The Twin Towers moniker hasn’t died totally, labelling some of the new tall buildings steadily surrounding the stadium. Likewise there is now a bar and restaurant, with a strong Irish and sporting theme, called Watkin’s Folly, and a Watkin Road. Perhaps the strongest memories will live on in the minds of the many thousands who enjoyed their football, watched the Empire and Olympics Games or listened to their favourite rock group under the watch of the twin towers of Wembley. And the models hold up my old books nicely.

That’s all folks, for now

That’s it for now for my five part series of blogs on a few models of iconic past and present London buildings, or more fully, buildings, towers and arches. Buildings that have been demolished, moved, relocated, resurrected, changed to survive or just plain disappeared off the face of the Earth … or have the Twin Towers just gone underground?  There’s more to our buildings than meets the eye.  And do take a look at all the other wonderful models that Timothy Richards has on offer!

The Five Building Blogs

  1. Temple Bar and the end of geography
  2. Euston Arch, a hub of controversy
  3. Floral Hall, Orchids to Oysters to Opera
  4. From Hoover to Tesco
  5. Wembley: Twin Towers to Single Arch

 

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Mad about Models: Building Blog 4 From Hoover to Tesco

Mad about Models: Building Blog 4 From Hoover to Tesco

In this fourth of my blogs about iconic London buildings exquisitely modelled by Timothy Richards, I look at the Hoover Building on the Western Avenue, to the west of London. Like last week’s building, the Floral Hall in Covent Garden, the Hoover Building has had to adapt to survive, in this case changing from a manufacturing to retail and residential space. I suspect it will have to keep adapting in the future too.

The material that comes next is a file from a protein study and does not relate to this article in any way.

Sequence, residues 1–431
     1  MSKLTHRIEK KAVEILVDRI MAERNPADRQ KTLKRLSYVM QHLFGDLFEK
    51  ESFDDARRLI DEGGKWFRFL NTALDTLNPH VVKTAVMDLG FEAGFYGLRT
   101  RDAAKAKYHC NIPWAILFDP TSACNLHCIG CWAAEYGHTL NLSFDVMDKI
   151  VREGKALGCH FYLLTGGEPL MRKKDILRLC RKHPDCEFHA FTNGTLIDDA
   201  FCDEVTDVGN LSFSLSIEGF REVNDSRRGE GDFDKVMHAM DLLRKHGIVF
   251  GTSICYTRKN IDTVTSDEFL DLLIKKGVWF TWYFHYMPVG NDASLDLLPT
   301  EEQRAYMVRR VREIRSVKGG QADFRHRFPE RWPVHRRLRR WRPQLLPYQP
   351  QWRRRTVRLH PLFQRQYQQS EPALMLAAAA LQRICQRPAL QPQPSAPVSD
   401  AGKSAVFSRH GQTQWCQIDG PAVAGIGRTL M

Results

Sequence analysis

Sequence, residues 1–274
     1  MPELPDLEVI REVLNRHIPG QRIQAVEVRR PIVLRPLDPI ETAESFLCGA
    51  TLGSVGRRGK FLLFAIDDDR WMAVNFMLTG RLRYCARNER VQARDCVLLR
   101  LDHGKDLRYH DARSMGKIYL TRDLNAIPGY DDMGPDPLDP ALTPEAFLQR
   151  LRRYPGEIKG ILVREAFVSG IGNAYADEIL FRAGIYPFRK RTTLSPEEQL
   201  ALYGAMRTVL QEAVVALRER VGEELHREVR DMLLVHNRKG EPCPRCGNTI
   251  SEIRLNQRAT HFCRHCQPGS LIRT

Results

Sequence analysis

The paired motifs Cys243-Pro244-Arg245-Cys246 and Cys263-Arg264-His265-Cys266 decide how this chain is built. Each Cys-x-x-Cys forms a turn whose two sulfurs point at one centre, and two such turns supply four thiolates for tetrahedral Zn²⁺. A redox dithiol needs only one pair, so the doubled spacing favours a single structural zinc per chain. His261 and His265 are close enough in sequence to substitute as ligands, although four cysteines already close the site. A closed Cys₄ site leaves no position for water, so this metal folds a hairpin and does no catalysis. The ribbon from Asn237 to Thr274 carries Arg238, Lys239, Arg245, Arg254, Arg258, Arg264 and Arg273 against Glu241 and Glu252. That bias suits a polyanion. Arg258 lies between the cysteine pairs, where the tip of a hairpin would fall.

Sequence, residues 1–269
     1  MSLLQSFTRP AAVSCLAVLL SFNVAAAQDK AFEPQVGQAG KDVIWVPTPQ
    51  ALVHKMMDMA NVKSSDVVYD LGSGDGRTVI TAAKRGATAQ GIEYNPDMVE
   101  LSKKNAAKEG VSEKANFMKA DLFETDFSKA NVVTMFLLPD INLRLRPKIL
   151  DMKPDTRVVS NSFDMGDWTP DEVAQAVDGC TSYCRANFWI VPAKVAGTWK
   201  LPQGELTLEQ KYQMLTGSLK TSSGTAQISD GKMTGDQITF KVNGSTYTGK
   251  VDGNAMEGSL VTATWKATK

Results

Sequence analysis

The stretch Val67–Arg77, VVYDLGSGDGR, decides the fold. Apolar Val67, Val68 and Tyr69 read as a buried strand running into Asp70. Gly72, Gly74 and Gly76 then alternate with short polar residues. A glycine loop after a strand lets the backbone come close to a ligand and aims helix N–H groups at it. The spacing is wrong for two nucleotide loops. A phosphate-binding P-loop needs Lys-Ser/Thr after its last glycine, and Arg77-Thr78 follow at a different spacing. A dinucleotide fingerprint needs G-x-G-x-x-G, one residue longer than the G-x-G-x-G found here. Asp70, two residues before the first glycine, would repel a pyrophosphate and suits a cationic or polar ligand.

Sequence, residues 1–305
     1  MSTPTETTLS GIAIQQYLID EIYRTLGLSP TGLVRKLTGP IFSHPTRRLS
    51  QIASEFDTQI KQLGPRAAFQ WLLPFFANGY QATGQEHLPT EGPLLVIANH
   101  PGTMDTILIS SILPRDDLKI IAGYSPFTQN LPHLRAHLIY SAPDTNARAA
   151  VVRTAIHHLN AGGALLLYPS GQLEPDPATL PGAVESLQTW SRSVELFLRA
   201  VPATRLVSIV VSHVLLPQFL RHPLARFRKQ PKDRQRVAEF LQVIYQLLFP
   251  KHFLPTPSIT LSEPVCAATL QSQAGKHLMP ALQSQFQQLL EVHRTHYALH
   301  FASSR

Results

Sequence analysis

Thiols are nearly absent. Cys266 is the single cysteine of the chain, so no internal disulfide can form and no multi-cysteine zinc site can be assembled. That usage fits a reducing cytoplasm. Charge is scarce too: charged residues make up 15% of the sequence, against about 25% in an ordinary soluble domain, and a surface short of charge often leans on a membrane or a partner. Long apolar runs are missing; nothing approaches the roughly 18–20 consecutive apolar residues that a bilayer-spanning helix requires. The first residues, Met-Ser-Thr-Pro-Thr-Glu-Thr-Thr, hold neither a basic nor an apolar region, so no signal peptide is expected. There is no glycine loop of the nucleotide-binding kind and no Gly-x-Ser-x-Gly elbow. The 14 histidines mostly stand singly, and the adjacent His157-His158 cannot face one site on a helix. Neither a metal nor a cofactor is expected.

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Hoover Building photo by Nick Weall

Hoover to Tesco

The arterial roads running out from London attracted many art deco and other “proud to be seen” factory buildings. The biggest concentration was on the so-called Golden Mile on the A4 Great West Road.  The Hoover Building however is slightly further north on the A40 Western Avenue – one of Time Out’s Seven Wonders of London. In this model Tim focuses on the wonderful central window and door to capture the art deco splendour, topped off by a hint of the building’s bold lettering.

Our country has become more a retailing country than a manufacturing country so perhaps it is fitting that a Hoover factory has morphed into a Tesco store – as our retail has moved from the high streets to the highways.  Mind you, we were called a nation of shopkeepers , as a form of insult, long before our industrial revolution took off.  Full circle perhaps?

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The grand entry

The Golden Mile

The Golden Mile stretch on the new Great West Road (a new bypass) was opened by King George V more than ninety years ago.  Whilst several of the industrial buildings of the Golden Mile have survived, a glaring exception is the Firestone Factory, demolished over the August Bank Holiday in 1980, reportedly in anticipation of a preservation order coming into force the next day – and triggering off a campaign for more effective regulation to avoid such destruction.  This is what Tim could have modelled there as a twin for Hoover.

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Gone if not forgotten

Survivors: Gillette: from razors to residential?

One Golden Mile survivor has been the Gillette Building, less colourful than Hoover or Firestone, and reminiscent of the much larger and surviving Bankside Power Station that successfully houses the Tate Modern art gallery.  Plans for the future use of the Gillette Building are still under discussion.